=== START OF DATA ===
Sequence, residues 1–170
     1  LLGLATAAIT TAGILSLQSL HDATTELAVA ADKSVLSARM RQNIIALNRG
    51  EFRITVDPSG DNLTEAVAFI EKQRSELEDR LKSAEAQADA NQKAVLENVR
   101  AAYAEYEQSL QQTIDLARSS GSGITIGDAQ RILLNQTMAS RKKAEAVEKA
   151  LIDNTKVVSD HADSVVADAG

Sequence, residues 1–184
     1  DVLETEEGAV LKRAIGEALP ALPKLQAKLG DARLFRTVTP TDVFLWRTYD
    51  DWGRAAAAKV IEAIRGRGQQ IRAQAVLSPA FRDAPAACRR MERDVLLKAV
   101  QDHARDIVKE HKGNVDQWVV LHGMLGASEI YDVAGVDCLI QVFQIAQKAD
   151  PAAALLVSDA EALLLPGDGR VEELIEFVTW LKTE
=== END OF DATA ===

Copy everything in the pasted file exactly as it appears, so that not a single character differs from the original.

Sequence, residues 1–170
     1  LLGLATAAIT TAGILSLQSL HDATTELAVA ADKSVLSARM RQNIIALNRG
    51  EFRITVDPSG DNLTEAVAFI EKQRSELEDR LKSAEAQADA NQKAVLENVR
   101  AAYAEYEQSL QQTIDLARSS GSGITIGDAQ RILLNQTMAS RKKAEAVEKA
   151  LIDNTKVVSD HADSVVADAG

Sequence, residues 1–184
     1  DVLETEEGAV LKRAIGEALP ALPKLQAKLG DARLFRTVTP TDVFLWRTYD
    51  DWGRAAAAKV IEAIRGRGQQ IRAQAVLSPA FRDAPAACRR MERDVLLKAV
   101  QDHARDIVKE HKGNVDQWVV LHGMLGASEI YDVAGVDCLI QVFQIAQKAD
   151  PAAALLVSDA EALLLPGDGR VEELIEFVTW LKTE